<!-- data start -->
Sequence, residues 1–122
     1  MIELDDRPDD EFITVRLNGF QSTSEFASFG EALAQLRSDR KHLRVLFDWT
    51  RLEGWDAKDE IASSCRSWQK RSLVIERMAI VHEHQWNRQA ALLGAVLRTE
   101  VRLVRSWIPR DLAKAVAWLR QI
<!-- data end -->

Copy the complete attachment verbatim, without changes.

Sequence, residues 1–122
     1  MIELDDRPDD EFITVRLNGF QSTSEFASFG EALAQLRSDR KHLRVLFDWT
    51  RLEGWDAKDE IASSCRSWQK RSLVIERMAI VHEHQWNRQA ALLGAVLRTE
   101  VRLVRSWIPR DLAKAVAWLR QI